“A lot of people are intimidated by the speed at which technology is changing our lives. Microsoft’s goal was to shift the perceptions of emerging technology from scary and unknown into a tool that can bring about positive change,” says Harlow. “We decided the best way to do that was to look at the future through the lens of choice. The future isn’t some inevitable, sci-fi movie waiting to happen. It’s the result of the choices we–both individually and collectively –are making every day.”
The new show marks the second branded pod launch for Gimlet Creative in the last few months, with Virgin Atlantic’s The Venture premiering back in April. As branded content goes, there is a challenge overcoming the leap of faith listeners must take to actually check out and subscribe to a podcast produced by a brand. But Harlow says with that also comes significant opportunity.
“Since it’s such an intimate medium, it’s a natural fit for a big brand that’s looking to connect with people on a more human level,” she says. “Companies that touch so many industries around the globe, like Microsoft, are ripe with stories.”
Hristo Gyoshev is hiring data scientists right now, but he isn’t just looking for people with advanced technical know-how. It takes more than that to land a job offer.
Now the head of business operations and strategy at MasterClass, the online education startup, Gyoshev has a background in product strategy and operations at consumer web companies, including Yahoo, as well as enterprise businesses. So he’s had a front-row seat to the sorts of projects data scientists actually wind up working on inside companies. As a result, Gyoshev prizes learning, flexibility, and a strong sense of context just as much as analytical chops.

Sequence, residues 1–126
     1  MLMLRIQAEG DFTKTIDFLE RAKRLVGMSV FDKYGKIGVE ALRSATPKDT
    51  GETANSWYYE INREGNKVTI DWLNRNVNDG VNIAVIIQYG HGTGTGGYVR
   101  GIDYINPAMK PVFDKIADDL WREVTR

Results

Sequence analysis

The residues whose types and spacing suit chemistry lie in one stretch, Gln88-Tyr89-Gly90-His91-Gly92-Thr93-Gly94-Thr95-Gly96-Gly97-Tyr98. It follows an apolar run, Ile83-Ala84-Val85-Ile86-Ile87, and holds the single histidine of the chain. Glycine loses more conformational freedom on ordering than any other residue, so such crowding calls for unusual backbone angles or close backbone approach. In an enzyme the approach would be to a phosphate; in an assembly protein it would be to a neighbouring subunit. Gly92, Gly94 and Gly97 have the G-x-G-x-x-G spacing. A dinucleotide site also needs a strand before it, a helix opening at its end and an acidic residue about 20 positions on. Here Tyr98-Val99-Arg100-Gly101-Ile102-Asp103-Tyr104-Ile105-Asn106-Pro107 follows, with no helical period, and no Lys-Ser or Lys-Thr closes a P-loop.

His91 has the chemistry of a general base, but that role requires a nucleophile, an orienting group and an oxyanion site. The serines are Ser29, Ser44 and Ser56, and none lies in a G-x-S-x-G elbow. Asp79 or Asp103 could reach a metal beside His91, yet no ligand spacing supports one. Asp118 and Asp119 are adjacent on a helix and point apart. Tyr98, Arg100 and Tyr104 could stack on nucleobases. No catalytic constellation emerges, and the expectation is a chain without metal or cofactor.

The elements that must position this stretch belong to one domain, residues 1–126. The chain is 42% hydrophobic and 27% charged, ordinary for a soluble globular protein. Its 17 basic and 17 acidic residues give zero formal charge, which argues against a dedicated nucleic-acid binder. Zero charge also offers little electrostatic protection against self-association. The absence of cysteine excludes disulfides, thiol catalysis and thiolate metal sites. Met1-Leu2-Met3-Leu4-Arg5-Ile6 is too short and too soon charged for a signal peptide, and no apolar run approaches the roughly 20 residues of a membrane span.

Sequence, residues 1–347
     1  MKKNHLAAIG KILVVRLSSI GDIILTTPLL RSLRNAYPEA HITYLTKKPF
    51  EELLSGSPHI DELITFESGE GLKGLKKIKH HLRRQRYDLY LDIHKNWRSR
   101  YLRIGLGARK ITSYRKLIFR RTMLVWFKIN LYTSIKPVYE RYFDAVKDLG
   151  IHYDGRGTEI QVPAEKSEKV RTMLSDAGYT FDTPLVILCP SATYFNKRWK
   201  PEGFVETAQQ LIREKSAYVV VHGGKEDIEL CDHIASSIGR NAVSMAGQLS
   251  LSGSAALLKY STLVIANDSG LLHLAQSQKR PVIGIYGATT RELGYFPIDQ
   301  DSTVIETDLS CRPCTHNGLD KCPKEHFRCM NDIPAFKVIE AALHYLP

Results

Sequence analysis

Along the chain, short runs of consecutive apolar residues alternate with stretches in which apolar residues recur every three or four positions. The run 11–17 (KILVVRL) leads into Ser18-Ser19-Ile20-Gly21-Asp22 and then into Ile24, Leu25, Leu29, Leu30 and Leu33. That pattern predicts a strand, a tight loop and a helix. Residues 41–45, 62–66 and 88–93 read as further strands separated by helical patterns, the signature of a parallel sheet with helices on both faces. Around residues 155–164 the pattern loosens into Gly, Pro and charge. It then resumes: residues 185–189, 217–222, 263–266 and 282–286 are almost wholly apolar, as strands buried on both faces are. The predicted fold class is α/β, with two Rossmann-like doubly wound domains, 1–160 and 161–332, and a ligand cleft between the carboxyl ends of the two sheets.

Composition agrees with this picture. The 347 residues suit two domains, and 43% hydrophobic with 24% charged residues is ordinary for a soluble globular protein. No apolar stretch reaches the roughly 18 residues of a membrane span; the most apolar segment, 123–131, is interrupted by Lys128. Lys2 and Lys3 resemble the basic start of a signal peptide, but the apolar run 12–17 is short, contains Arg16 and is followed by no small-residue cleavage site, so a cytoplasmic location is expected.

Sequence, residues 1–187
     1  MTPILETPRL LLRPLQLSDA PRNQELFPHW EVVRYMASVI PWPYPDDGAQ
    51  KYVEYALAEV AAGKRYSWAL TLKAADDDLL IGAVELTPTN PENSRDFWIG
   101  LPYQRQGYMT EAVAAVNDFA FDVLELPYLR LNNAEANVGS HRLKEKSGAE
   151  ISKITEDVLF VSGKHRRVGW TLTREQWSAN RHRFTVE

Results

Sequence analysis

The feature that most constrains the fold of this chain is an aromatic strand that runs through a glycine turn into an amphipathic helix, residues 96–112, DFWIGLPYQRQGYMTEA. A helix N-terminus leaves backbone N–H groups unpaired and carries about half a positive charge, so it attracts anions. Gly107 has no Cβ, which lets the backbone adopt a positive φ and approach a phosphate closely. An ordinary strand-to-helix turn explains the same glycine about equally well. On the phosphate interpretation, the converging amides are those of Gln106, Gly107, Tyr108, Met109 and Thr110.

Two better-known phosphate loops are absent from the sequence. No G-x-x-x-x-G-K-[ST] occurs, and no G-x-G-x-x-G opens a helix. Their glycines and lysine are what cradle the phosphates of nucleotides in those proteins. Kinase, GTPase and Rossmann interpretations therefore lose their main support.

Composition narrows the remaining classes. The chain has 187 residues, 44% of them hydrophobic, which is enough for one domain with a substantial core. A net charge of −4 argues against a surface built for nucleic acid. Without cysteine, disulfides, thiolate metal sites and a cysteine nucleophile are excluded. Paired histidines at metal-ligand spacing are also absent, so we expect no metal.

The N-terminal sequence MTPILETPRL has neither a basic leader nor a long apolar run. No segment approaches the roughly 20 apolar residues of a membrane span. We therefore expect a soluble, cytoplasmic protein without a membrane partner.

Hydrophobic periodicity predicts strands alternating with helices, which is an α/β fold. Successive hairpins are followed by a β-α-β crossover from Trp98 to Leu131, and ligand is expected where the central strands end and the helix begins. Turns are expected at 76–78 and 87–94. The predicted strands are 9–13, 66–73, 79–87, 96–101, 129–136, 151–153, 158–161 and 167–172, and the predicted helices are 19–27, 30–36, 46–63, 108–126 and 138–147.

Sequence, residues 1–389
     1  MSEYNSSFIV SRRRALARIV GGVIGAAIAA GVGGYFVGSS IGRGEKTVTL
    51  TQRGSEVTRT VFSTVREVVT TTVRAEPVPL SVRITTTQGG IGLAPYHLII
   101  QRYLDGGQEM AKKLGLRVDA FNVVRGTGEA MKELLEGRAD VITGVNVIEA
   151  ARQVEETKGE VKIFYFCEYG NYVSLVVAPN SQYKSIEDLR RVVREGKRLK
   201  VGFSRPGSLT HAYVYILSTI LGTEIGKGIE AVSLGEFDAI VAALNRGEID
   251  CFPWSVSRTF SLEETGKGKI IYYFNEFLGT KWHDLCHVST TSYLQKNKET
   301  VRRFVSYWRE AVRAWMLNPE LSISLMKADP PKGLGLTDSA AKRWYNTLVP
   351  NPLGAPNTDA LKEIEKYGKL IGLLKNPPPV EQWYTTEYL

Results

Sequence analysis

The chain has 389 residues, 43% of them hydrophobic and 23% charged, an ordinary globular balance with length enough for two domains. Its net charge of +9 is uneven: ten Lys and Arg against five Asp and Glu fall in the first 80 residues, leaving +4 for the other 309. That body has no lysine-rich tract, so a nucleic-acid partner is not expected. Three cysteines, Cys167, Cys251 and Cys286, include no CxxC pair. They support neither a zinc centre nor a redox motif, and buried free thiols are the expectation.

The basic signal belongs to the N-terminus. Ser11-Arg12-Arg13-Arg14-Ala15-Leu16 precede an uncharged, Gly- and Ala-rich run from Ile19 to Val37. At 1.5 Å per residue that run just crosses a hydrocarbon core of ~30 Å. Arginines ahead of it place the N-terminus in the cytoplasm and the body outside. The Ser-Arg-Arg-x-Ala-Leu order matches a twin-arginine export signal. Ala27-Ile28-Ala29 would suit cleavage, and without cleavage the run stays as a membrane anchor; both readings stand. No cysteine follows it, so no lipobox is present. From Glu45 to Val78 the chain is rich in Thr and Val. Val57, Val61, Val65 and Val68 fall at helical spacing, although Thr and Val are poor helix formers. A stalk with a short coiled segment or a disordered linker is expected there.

Here are a few of the non-technical skills he looks for in data science candidates.
Range And Adaptability
“One of the main assets we look for is a desire to work on projects across a very broad range of analytic disciplines,” says Gyoshev, “from quantitative market research and/or designing, conducting, and analyzing user surveys to statistical analysis, business intelligence, and analytics. We also look for candidates who are comfortable learning something new to remove bottlenecks and keep a project moving.” As Gyoshev sees it, that comes down to two skills:
In addition to working in Excel, SQL, Python, and R, Gyoshev says MasterClass also needs data scientists who have “experience in social science research or market/user research, through either academic or industry work” as well as business reporting and analytics. Range is a good thing.
An Eye For Context
“Strive to understand and keep in mind the broader context of the problem you are being asked to solve—or the problem behind the question you are being asked,” Gyoshev suggests. “Whenever you are asked to perform a certain analysis, or build a model, someone at the company believes that this would help them solve a particular problem.”
“Sometimes you can tell in advance that it won’t, and sometimes you can suggest a better approach. Your analysis, model, [or] other work product will always be better if you start from a good understanding of the core objectives of the ‘clients’ of your analysis.” (That’s a good rule to remember for data science job interviews, too.)
This one should come as no surprise. While interviewing candidates, Gyoshev says he tries to ask about challenges data scientists have faced in previous jobs—and what they did to overcome them. “We may ask for examples of specific types of projects they have worked on, and then ask them to walk us through their approach and thinking, the tools they used, the major challenges they encountered, and how they resolved them.”
Sometimes MasterClass also asks candidates to demonstrate their problem-solving abilities through a short project “to see how they approach some specific problem,” says Gyoshev, “and, yes, to be able to see the quality of a deliverable they produce.”
Going Beyond Data-Wrangling
Compared to other data science roles, Gyoshev says the ones he’s hiring for at MasterClass aren’t heavy on “machine learning or algorithms, and only minimal data-wrangling.” Instead, the company needs experts who can perform “a very wide variety of analyses that would inform a broad range of decisions—about the products, business, and operations of the company.”